December 2007

Behind the music

By Eric Clapton
By Robert Altman
By Peter Bogdanovich
By Charles Pignone
By Oliver Sacks
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There won't be many more honest and revealing works this year than Clapton: The Autobiography. The man often termed a guitar god and considered an icon by many music fans isn't interested in affirming that notion. Instead he repeatedly cites his flaws and failures, doing so in graphic detail and without offering excuses for his lapses in judgment and behavior. Clapton writes about his drug and alcohol problems, his adultery and depression in spare, unflinching prose. He's determined to let readers know that not only is he human, but that he's paid a heavy price to reach the top. There's also a full discussion of his interaction, romance and ultimate failed relationship with Pattie Boyd, who was married to Clapton's good friend George Harrison when he began pursuing her. Particularly painful is Clapton's account of the death of his four-year-old son Conor, who fell to his death in 1991 from a New York high-rise.

Yet the book also has plenty of rich musical detail, from his description of being awed by first hearing Jimi Hendrix to accounts of playing with the Rolling Stones and Beatles, teaming with longtime idol B.B. King, and reshaping the classic blues and soul he adored into a more personalized and individual sound.


As a staff photographer for Rolling Stone, Robert Altman visually documented the changes that rocked the '60s with a scope and clarity no one has surpassed. His remarkable photographs comprise the bulk of the compelling new collection, The Sixties. Whether you were there or not doesn't really matter, Altman writes in an author's note, maintaining that these pictures do the talking in recapturing the excitement of Woodstock, be-ins and the Summer of Love. Whether in funny (and sometimes frightening) crowd shots of anonymous war protesters or intense individual portraits of such famous '60s figures as Jim Morrison, Janis Joplin, Jane Fonda, Grace Slick and Joni Mitchell, Altman brings it all back in unforgettable style. Journalist Ben Fong-Torres adds perspective with a brief introduction and Q&A with Altman.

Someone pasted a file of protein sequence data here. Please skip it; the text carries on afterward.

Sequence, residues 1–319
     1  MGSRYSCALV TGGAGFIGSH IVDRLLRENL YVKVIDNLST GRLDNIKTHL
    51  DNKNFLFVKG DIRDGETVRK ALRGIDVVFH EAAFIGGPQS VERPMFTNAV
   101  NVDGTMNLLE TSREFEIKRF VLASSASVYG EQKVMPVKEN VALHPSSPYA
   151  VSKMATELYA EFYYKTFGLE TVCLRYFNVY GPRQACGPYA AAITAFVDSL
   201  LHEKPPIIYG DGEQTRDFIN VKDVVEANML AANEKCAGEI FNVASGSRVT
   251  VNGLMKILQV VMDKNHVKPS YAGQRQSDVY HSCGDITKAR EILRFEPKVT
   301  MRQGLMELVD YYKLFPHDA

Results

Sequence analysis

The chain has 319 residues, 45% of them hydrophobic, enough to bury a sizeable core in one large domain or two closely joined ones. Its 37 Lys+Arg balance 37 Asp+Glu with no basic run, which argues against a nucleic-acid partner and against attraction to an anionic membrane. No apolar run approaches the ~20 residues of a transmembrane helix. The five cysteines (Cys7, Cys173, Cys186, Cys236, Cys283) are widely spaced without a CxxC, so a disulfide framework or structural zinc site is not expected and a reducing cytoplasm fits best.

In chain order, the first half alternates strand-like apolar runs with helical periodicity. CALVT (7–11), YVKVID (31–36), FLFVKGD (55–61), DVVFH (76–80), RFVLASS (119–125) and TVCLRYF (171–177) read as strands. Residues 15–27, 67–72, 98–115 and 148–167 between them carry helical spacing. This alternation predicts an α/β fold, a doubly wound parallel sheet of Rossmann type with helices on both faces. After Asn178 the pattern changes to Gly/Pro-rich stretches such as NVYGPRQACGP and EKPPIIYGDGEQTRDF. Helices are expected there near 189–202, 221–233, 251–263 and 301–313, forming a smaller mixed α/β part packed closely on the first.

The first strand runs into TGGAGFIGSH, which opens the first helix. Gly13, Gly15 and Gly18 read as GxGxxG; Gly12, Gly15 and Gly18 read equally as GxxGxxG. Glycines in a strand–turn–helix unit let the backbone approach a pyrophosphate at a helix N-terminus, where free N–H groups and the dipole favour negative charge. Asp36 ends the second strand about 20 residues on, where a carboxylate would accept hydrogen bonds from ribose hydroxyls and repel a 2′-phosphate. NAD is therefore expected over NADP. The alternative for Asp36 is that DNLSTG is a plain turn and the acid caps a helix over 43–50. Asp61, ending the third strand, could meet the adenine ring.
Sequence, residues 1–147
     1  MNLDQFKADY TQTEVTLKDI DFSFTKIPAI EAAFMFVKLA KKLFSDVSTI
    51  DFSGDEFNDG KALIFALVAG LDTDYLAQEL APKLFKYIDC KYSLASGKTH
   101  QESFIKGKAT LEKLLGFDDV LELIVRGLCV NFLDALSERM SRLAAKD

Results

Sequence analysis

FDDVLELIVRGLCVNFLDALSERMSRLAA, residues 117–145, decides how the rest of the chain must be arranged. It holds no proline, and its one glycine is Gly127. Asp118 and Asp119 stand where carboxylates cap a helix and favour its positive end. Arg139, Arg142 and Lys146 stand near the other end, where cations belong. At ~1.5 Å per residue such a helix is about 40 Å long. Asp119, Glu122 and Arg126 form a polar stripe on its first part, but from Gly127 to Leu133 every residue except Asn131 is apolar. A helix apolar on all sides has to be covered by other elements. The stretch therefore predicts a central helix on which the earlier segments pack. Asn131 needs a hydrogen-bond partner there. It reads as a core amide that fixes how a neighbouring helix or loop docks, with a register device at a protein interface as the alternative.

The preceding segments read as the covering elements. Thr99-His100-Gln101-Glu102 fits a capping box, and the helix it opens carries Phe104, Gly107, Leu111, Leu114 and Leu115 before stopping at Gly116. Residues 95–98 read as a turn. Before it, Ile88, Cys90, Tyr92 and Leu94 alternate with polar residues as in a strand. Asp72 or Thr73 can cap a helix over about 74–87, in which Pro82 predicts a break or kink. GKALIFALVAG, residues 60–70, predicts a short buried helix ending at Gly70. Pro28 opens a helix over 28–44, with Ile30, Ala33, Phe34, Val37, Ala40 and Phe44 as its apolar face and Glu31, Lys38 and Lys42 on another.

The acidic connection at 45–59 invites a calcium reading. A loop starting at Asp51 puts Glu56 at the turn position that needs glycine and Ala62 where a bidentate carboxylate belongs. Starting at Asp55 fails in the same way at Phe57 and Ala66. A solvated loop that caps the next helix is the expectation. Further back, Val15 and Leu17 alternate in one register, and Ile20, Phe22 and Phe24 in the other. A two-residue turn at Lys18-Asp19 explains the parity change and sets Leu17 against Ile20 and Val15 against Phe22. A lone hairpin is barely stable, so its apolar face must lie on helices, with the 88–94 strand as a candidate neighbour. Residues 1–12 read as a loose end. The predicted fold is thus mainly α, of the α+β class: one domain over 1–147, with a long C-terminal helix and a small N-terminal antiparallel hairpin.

Runnin' Down a Dream: Tom Petty and the Heartbreakers is a companion work to the documentary film by Peter Bogdanovich, and it contains comprehensive and candid interviews with Petty and company on such subjects as life on the road, the music business, the failures of contemporary radio and Petty's devotion to the classic rock and soul that shaped his heartland sound. His determination not to let trends affect or influence his work is noteworthy, and there's also enough levity and humor to balance out some spots where his disillusionment at changes in the landscape becomes evident.


Both Charles Pignone's Frank Sinatra: The Family Album and George Klein's Elvis Presley: The Family Album are loving insiders' collections rather than probing investigative surveys or detached evaluations. Pignone was a close Sinatra friend and is now the family archivist, while Klein was a high school classmate of Presley, and even had the King serve as his best man. Both books are full of warm remembrances, rare photographs and views of the family side of these performers. You won't get any outlandish tales of excessive behavior here, but there are interviews with family members and associates who've never talked about their relationships before, plus detailed accounts from Pignone and Klein that emphasize the character and generosity of both these superstars.

For those interested in why we enjoy listening to music, there's Musicophilia: Tales of Music and the Brain by neurologist Oliver Sacks, best known for books that recount some of his highly unusual cases (The Man Who Mistook His Wife for a Hat, etc.). In Musicophilia, Sacks investigates the medical effects positive and negative of listening to music. He does so in a manner somewhere between scholarly and weird, using amazing stories to validate his theories and illustrate how important music appreciation can be. Whether talking about a disabled man who has memorized 2,000 operas or children whose ability to learn Mandarin Chinese has given them perfect pitch, Sacks offers tales that will fascinate any music lover.

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